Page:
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Enter HORATIO and MARCELLUS.
FRAN. I think, I hear them.-Stand, ho! Who is there!
HOR. Friends to this ground.
And liegemen to the Dane.
O, farewell, honeft foldier:
Give you good night.
What, is Horatio there?
Bernardo hath my place. [Exit FRANCISCO. Bernardo !
fined "One that fueth for the fame thing with another;" and
If you do meet Horatio, and Marcellus
because Horatio is a gentleman of no profeffion, and because, as he conceived, there was but one perfon on each watch. But there is no need of change. Horatio is certainly not an officer, but Hamlet's fellow-ftudent at Wittenberg: but as he accompanied Marcellus and Bernardo on the watch from a motive of curiofity, our poet confiders him very properly as an affociate with them. Horatio himself fays to Hamlet in a fubfequent fcene
This to me
"In dreadful fecrecy impart they did,
" And 1 with them the third night kept the watch."
A piece of him."
BER. Welcome, Horatio; welcome, good Mar. cellus.
HOR. What," has this thing appear'd again to night?
BER. I have feen nothing.
MAR. Horatio fays, 'tis but our fantafy;
Hor. A piece of him,] But why a piece? He fays this as he gives his hand. Which direction fhould be marked.
A piece of him, is, I believe, no more than a cant expression, It is used, however, on a serious occafion in Pericles :
"Take in your arms this piece of your dead queen." STEEVENS,
1 Hor. What, &c.] Thus the quarto, 1604. STEEVENS. These words are in the folio given to Marcellus. MALONE. the minutes of this night;] This seems to have been an expreffion common in Shakspeare's time. I found it in one of Ford's plays, The Fancies chafle and noble, A& V: "I promise ere the minutes of the night."
STEEVENS. ·approve our eyes,] Add a new teftimony to that of our
So, in King Lear:
this approves her letter, "That fhe would foon be here." Se Vol. XVII. p. 12, n. 4.
He may approve our eyes,] He may make good the teftimony of our eyes; be affured by his own experience of the truth of that which we have related, in confequence of having been eyewitnefes to it. To approve in Shakspeare's age, fignified to
HOR. Tufh! tufh! 'twill not appear.
HOR. Well, fit we down, And let us hear Bernardo fpeak of this.
BER. Laft night of all,
When yon fame ftar, that's weftward from the pole,
MAR. Peace, break thee off; look, where it comes again!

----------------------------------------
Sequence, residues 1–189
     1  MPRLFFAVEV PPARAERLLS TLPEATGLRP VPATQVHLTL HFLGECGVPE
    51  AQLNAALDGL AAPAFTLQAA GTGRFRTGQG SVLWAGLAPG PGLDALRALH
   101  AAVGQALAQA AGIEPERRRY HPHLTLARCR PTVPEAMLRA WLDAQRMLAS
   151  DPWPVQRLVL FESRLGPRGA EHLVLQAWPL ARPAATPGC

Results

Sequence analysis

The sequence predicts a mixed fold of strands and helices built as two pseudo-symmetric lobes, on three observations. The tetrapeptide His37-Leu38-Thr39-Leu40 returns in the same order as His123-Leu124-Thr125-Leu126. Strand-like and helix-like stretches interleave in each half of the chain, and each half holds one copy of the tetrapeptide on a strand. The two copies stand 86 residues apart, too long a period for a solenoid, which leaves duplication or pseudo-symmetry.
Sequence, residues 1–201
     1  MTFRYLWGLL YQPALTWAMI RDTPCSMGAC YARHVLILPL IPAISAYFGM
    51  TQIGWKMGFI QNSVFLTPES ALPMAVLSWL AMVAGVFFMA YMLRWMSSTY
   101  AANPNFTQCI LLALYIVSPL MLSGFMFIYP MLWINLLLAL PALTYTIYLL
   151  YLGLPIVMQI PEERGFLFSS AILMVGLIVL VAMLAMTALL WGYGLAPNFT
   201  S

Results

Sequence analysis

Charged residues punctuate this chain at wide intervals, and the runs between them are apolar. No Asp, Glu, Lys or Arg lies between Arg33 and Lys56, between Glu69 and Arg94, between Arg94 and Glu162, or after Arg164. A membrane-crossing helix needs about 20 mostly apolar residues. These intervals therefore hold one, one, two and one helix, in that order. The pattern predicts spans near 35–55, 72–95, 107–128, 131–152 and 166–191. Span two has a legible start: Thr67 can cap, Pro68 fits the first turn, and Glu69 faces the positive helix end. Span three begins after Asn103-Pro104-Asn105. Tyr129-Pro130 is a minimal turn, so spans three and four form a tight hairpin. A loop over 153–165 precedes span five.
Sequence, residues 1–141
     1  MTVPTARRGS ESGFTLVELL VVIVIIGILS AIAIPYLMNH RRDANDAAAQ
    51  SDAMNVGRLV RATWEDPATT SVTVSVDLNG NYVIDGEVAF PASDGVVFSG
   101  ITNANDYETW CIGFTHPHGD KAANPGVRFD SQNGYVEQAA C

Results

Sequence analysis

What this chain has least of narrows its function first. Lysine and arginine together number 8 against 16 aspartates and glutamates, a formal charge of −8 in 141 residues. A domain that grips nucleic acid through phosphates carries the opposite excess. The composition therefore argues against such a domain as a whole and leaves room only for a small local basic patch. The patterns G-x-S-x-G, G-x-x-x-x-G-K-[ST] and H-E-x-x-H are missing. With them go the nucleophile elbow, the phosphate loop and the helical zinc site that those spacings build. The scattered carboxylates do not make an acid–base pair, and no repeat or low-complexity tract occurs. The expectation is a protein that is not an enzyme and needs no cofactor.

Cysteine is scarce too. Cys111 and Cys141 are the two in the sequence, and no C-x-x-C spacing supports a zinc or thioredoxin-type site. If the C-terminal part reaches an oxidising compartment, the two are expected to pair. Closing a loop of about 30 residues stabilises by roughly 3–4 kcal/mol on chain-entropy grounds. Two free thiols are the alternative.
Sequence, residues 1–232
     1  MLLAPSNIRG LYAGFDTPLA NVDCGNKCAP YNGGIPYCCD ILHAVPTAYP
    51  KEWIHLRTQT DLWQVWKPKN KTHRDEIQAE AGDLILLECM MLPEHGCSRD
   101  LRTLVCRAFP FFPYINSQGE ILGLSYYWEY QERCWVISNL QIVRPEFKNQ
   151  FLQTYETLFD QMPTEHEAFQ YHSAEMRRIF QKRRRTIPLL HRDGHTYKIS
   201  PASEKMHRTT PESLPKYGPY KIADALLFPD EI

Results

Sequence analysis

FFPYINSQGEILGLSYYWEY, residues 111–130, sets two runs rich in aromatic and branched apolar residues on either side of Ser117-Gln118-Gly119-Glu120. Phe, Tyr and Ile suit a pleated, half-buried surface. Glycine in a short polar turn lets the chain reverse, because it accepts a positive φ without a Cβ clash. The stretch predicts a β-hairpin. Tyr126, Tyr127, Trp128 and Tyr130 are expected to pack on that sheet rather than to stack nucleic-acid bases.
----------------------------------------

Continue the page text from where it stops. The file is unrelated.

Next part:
Sit down awhile;
BER. In the fame figure, like the king that's dead.
MAR. Thou art a fcholar, fpeak to it, Horatio.*
make good, or establish, and is fo defined in Cawdrey's Alphabetical Table of hard English Words, 8vo. 1604. So, in King Lear:
"Good king that must approve the common faw!
I What we two nights have feen.] This line is by Sir Thomas Hanmer given to Marcellus, but without neceflity. JOHNSON.
2 Thou art a fcholar, speak to it, Horatio.] It has always been a vulgar notion that spirits and fupernatural beings can only be spoken to with propriety or effect by perfons of learning. Thus, Toby, in The Night-walker, by Beaumont and Fletcher, says:
It grows ftill longer,
""Tis fteeple-high now; and it fails away, nurse.
BER. Looks it not like the king? mark it, Ho
HOR. Moft like:-it harrows me with fear, and wonder.
BER. It would be spoke to.
Speak to it, Horatio. HOR. What art thou, that ufurp'ft this time of night,
Together with that fair and warlike form
MAR. It is offended.
See! it fialks away.
HOR. Stay; fpeak: fpeak I charge thee, fpeak. [Exit Ghoft,
MAR. "Tis gone, and will not answer.
BER. How now, Horatio? you tremble, and look pale:
Is not this fomething more than fantasy?
HOR. Before my God, I might not this believe, Without the fenfible and true avouch
Of mine own eyes.
In like manner the honeft Butler in Mr. Addifon's Drummer, recommends the Steward to speak Latin to the Ghost in that play.
3 it harrows me &c.] To harrow is to conquer, to subdue. The word is of Saxon origin. So, in the old black letter romance of Syr Eglamoure of Artoys:
"He swore by him that harrowed hell.' Milton has adopted this phrafe in his Comus:
"Amaz'd I ftood, harrow'd with grief and fear."
Is it not like the king?
HOR. As thou art to thyself:
an angry parle,] This is one of the affected words introduced by Lyly. So, in The Two wife Men and all the rest Fools, 1619:
that you told me at our laft parle." STEEVENS. 5-Aedded-] A fled, or fledge, is a carriage without wheels, made use of in the cold countries. So, in Tamburlaine, or the Scythian Shepherd, 1590:
upon an ivory Лed
"Thou shalt be drawn among the frozen poles."
He fmote the fedded Polack on the ice.] Pole-ax in the common editions. He fpeaks of a Prince of Poland whom he flew in battle. He uses the word Polack again, A& II. fc. iv.
Polack was, in that age, the term for an inhabitant of Poland: Polaque, French. As in F. Davifon's tranflation of Pafferatius's epitaph on Henry III. of France, published by Camden:
"Whether thy chance or choice thee hither brings,
JOHNSON. Again, in The White Devil, or Vittoria Corombona, &c. 1612;
I fcorn him
"Like a fhav'd Polack-." STEEVENS.
All the old copies have Polax. Mr. Pope and the subsequent editors read-Polack; but the corrupted word fhows, I think, that Shakspeare wrote-Polacks. MALONE.
With Polack for Polander, the transcriber, or printer, might